Dali Cargo Ship To Be Freed From Baltimore Key Bridge Using Explosives

U.S. Army Corps of Engineers/Handout via REUTERS

Mariane Angela Entertainment And News Reporter
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Baltimore salvage crews plan to use explosives to dislodge a massive section of the Francis Scott Key Bridge’s truss from the cargo ship Dali, WBAL-TV reported Tuesday.

Officials determined it safe for the crew of the cargo ship Dali to remain onboard during the planned detonation of explosives, according to a report from Unified Command’s Petty Officer Ronald Hodges, who spoke with WBAL-TV. Despite the operation’s complexities, the safety measures have been deemed adequate, although Hodges did not provide specifics on where exactly the crew will be located during the explosion.

Democratic Maryland Gov. Wes Moore pointed out that the techniques employed adhere to proven methods for safely removing significant quantities of steel.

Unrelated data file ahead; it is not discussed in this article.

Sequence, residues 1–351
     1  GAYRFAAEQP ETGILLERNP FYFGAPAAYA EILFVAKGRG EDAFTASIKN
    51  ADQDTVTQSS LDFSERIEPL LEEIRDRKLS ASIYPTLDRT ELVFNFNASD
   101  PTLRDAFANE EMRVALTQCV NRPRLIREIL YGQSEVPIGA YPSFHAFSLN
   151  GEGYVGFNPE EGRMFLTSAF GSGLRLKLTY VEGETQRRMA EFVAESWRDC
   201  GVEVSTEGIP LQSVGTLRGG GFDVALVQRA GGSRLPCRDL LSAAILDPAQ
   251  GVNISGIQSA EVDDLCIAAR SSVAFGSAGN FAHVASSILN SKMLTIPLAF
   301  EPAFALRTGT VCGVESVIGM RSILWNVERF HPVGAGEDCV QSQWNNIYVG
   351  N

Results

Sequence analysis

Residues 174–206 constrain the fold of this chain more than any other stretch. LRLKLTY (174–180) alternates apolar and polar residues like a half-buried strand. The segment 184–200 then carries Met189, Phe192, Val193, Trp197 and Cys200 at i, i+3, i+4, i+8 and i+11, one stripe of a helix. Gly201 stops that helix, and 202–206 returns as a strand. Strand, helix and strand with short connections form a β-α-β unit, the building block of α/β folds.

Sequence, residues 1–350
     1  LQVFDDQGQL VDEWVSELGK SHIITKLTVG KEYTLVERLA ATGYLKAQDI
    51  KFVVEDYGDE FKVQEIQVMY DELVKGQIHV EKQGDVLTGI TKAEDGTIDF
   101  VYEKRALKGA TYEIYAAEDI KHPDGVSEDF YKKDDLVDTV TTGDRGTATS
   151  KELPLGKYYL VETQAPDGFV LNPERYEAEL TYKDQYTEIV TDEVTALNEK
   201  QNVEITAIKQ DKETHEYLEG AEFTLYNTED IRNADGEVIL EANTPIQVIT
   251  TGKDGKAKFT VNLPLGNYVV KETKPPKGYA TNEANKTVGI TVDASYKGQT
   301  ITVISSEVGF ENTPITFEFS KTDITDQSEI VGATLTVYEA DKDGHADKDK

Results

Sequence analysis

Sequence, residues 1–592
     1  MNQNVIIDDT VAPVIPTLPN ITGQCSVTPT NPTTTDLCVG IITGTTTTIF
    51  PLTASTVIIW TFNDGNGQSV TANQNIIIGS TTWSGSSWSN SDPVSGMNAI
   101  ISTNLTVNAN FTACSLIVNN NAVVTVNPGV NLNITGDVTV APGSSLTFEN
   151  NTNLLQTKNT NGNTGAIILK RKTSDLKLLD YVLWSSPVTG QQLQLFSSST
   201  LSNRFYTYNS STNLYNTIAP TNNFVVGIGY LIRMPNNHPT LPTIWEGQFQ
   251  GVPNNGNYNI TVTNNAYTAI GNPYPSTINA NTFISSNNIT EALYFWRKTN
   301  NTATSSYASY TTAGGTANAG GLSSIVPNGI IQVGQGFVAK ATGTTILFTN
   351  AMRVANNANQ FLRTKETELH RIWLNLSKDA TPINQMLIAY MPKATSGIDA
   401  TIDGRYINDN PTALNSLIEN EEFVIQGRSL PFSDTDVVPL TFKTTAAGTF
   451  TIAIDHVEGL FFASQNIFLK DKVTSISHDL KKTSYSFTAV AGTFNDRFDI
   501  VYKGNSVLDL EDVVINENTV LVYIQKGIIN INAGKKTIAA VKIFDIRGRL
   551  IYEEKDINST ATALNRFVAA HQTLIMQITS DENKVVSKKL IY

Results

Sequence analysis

“What they’re doing are best practices and historic best practices, and the way that you remove large amounts of steel,” Moore said, WBAL-TV reported. “We know that as soon as that operation, that precision cutting is done, then we also have the tools to be able to remove that steel from the water, to safely refloat the Dali, and to reopen up the federal channel.” (RELATED: Biden Admin Approves $60 Million Request To Aid Baltimore Bridge Collapse)

The process of placing the precision explosives will take several days, influenced by factors such as weather and tidal conditions. Media will be notified 48 hours before the explosion occurs, according to WBAL-TV. Unified Command has been actively preparing for the demolition, employing a giant hydraulic claw and precision-cutting tools to remove as much debris as possible beforehand. This preparation aims to minimize the blast radius and ensure debris falls straight down, rather than scattering laterally, which could increase risks or cause further complications.